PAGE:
ClockShark Blog

12 Proven Time Management Tips For Construction Project Managers

April 14, 2017

Many construction Project Managers appear not to have enough time in their day. They always seem stressed, harassed, and work excessively long hours. They seem to be always rushing around phone glued to their ear or attending meetings. Every day there seem to be new crises to deal with on their project. Is this you?

But, there are a few Project Managers that appear relaxed, ordered and calm. There are problems to deal with – but they don’t seem to occur as frequently. Are they just lucky and have an easy project? Are they doing their jobs diligently? Well sometimes they do have an easy project, but invariably you’ll find that they are more organised and their projects are run more efficiently, resulting in fewer mistakes and crises.

Following these 12 tips may get you home earlier

  1. Plan the project. I don’t mean prepare a construction schedule, which is also important. Rather planning the project means selecting the best construction methods, ensuring the required resources are on the project when they’re needed, and the timely ordering of construction materials and equipment. Planning is critical at the start of the project before work begins, but, planning also needs to be done daily. Take 10 minutes each day to step back and consider what must happen today, tomorrow and next week, and then ensure everything is in place so it will happen.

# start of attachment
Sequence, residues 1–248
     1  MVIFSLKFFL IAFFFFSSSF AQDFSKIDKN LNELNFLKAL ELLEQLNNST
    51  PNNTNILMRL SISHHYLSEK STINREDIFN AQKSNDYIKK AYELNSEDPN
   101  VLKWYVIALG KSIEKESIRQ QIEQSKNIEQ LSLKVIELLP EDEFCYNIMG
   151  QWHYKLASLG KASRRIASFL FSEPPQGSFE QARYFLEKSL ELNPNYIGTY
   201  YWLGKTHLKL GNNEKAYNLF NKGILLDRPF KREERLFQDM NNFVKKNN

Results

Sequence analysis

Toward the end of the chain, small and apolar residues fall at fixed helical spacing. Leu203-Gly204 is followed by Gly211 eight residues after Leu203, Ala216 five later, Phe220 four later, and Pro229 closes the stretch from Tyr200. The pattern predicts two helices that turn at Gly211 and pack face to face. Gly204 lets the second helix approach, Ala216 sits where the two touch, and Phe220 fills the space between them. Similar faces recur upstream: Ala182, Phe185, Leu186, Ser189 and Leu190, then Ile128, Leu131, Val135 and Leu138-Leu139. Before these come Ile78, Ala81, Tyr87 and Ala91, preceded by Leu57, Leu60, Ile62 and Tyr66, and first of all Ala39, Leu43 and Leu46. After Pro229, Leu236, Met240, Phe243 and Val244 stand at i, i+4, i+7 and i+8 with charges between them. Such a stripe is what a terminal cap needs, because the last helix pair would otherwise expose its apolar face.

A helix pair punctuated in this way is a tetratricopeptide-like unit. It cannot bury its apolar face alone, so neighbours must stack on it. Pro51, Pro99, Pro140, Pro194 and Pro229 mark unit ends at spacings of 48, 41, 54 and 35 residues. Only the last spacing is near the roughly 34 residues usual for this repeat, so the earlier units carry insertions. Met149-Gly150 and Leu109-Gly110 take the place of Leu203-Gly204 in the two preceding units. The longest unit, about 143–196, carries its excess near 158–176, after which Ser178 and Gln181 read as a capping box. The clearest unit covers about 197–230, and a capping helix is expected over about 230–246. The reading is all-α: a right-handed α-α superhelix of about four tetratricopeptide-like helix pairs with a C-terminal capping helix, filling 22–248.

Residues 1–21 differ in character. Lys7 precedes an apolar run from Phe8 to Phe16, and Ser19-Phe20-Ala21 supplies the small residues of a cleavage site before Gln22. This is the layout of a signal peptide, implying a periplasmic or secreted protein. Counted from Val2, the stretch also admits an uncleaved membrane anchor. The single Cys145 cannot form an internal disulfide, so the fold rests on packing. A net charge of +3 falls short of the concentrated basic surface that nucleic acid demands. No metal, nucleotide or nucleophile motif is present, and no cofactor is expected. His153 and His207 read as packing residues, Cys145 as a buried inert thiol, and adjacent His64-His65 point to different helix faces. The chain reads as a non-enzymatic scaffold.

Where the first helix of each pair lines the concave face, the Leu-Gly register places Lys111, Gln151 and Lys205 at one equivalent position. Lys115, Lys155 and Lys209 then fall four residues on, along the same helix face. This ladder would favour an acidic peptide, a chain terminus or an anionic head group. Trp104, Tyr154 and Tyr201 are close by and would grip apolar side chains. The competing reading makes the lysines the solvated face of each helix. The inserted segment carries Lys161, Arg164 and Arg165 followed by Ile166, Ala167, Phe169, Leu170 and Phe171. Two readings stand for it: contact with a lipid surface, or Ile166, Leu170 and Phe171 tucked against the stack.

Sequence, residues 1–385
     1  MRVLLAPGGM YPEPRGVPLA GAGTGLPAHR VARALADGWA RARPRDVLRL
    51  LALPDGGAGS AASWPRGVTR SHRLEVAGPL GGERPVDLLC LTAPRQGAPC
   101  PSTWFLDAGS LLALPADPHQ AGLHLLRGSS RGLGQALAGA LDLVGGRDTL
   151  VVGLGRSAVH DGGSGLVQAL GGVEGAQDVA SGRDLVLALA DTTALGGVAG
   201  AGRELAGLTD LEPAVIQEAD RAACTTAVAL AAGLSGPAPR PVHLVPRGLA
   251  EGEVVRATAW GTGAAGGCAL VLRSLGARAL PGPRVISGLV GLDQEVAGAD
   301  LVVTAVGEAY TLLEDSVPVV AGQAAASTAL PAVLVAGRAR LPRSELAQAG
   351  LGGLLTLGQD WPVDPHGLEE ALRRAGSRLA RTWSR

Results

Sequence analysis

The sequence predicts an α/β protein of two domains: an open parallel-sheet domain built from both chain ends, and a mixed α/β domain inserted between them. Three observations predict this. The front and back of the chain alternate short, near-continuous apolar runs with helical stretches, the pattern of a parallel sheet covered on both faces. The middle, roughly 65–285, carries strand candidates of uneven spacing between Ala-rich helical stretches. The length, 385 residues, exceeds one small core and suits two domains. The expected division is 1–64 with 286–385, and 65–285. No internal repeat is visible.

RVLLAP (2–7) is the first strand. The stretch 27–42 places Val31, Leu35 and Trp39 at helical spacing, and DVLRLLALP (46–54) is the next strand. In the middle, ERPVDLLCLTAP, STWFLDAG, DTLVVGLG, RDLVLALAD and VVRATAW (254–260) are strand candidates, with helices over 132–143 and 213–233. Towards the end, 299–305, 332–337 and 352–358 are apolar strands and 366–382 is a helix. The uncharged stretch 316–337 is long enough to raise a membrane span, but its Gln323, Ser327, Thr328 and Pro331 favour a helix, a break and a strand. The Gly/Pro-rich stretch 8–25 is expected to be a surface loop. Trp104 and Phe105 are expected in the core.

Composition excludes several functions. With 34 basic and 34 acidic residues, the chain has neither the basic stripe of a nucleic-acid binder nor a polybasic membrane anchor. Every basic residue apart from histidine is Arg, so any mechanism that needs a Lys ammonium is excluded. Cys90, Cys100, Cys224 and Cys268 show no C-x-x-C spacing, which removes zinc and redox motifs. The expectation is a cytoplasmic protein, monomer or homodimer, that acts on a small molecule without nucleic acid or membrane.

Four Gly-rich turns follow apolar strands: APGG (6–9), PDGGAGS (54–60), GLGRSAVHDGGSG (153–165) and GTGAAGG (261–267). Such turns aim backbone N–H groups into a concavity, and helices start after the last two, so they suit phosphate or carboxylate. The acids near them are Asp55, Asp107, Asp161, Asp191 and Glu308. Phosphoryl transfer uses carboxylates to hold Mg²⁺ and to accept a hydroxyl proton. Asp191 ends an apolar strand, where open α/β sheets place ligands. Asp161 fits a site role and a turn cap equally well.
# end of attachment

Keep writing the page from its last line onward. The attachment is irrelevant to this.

2. Effective delegation. It’s essential that managers learn to delegate. They can’t do everything themselves because they’ll simply run out of time and some items will be left undone. Employees want to learn new skills, they need to feel trusted, they should take on new responsibilities, so effective delegation is important to the development of employees. But, often tasks aren’t delegated properly and aren’t followed up correctly. It shouldn’t be necessary to micromanage employees, but they should be checked on to ensure they have completed the task and they should be provided the skills to carry out the task. Delegation may sometimes take a little more time and effort at first, but once employees grasp what needs to be done the time spent will be well rewarded.
  3. You don’t have to respond to emails immediately. Some project managers are glued to their smartphones or computers. They immediately get distracted by a new email, even when they are in meetings, busy with other tasks or talking to someone. Emails can wait, and should be responded to when you have the time to send a considered reply that has been thought through. Interrupting a task midway to read an email is disruptive and could result in the task not being completed.
  4. Don’t be distracted. Project Managers have to be able to multi-task – dealing with several issues at once. However, Project Managers shouldn’t be distracted from important duties and responsibilities by minor interruptions and tasks.
  5. An ordered filing system is essential. Much time is wasted scanning back through emails or scratching through papers which haven’t been filed correctly. Documents, letters and emails should be filed where they can easily be found. It’s important that documents are secure and backed-up. A lost or stolen computer could result in the loss of valuable documents that could cost many hours of work to recover or recreate.
  6. Use time-saving systems. There is a multitude of new apps and software systems. Carefully consider the benefits of these systems and whether they will link to the systems currently used. Unfortunately not all systems and apps will be suitable for your project and company, but other systems may bring time-saving benefits to you.